Many customers during our Cooking at Home dinners or Cookery Lessons at holiday home (in Tuscany), often ask me about the best ways making Pizza and pizza dough.
Tell you the true this is a very popular question on this blog as well, that’s why I decided to write this post explaining all the “secrets” and tricks to obtain a perfect dough, crust, in short a perfect Italian Pizza at your Home, the same that we usually make here in Italy.
One of my greatest wishes is to have an Online Cooking School, where I can keep in touch with everyone abroad, without worrying about distance or language; in fact we made a first step: we’re an Itinerant Italian Culinary School, we go throughout Tuscany and we can release a Diploma to our students after each cookery course.
Since ours is a seasonal job and there aren’t many tourists and travelers in Tuscany on Winter, I console myself writing on this blog and trying to pass down some tips as I was your Cooking Lessons teacher during Summer.
I already wrote many “pizza” tips here, in my Granny’s tips section, but today I’d like going into more depth, leaving you my fav recipe with right ingredients and steps to respect.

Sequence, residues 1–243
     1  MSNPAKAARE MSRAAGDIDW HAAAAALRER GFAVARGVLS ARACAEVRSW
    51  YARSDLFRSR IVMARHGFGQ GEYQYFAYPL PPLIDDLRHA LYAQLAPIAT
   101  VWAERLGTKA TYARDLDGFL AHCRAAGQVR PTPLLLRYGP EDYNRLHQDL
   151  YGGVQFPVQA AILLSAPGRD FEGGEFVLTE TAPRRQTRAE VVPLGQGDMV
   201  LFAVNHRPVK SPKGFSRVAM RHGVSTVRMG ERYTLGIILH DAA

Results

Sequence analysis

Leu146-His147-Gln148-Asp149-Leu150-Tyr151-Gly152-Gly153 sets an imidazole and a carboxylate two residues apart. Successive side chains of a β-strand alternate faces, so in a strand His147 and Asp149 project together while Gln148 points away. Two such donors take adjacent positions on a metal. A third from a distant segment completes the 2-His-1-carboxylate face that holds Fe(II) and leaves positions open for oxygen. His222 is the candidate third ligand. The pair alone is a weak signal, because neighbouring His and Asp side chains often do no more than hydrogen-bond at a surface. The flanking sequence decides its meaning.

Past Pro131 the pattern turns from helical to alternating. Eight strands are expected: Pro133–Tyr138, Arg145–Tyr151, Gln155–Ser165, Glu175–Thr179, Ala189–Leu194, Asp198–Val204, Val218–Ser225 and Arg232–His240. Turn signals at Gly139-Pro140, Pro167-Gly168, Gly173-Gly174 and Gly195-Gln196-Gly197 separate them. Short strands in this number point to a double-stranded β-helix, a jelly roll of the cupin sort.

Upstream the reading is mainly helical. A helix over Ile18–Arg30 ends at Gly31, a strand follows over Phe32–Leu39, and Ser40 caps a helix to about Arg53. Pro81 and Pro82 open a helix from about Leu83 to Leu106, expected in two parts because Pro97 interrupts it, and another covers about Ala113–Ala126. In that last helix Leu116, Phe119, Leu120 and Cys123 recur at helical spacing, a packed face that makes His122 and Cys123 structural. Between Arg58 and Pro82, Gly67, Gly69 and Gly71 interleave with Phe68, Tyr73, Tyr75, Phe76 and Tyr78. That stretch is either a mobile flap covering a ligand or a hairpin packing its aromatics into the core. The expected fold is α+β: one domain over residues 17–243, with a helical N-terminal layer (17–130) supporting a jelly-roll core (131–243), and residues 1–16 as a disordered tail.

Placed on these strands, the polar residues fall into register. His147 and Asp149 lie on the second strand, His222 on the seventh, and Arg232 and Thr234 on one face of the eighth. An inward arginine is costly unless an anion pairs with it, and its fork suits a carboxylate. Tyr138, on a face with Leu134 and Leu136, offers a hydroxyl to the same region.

Pizza, has a long history, complicated and uncertain and the first written records date back it in Latin volgare language. Nel 16 sec. in Naples they gave the name of “pizza” to a pressed bread; in fact this name derives from mispronunciation of the word “pitta” (pressed bread indeed).
At that time the “pizza” was a tool: the bakers were using it to check the temperature of oven.
On September of 1889 to honor the Queen of Italy, Margherita, the chef Raffaele Esposito created the pizza “Margherita”: a pizza topped with tomatoes, mozzarella and basil to represent the colors of Italian flag.
While running a Cooking Class in Tuscany, I often wish that my students and customers understand the difference between the various yeasts making pizza, that’s why I give them some handouts which explain it.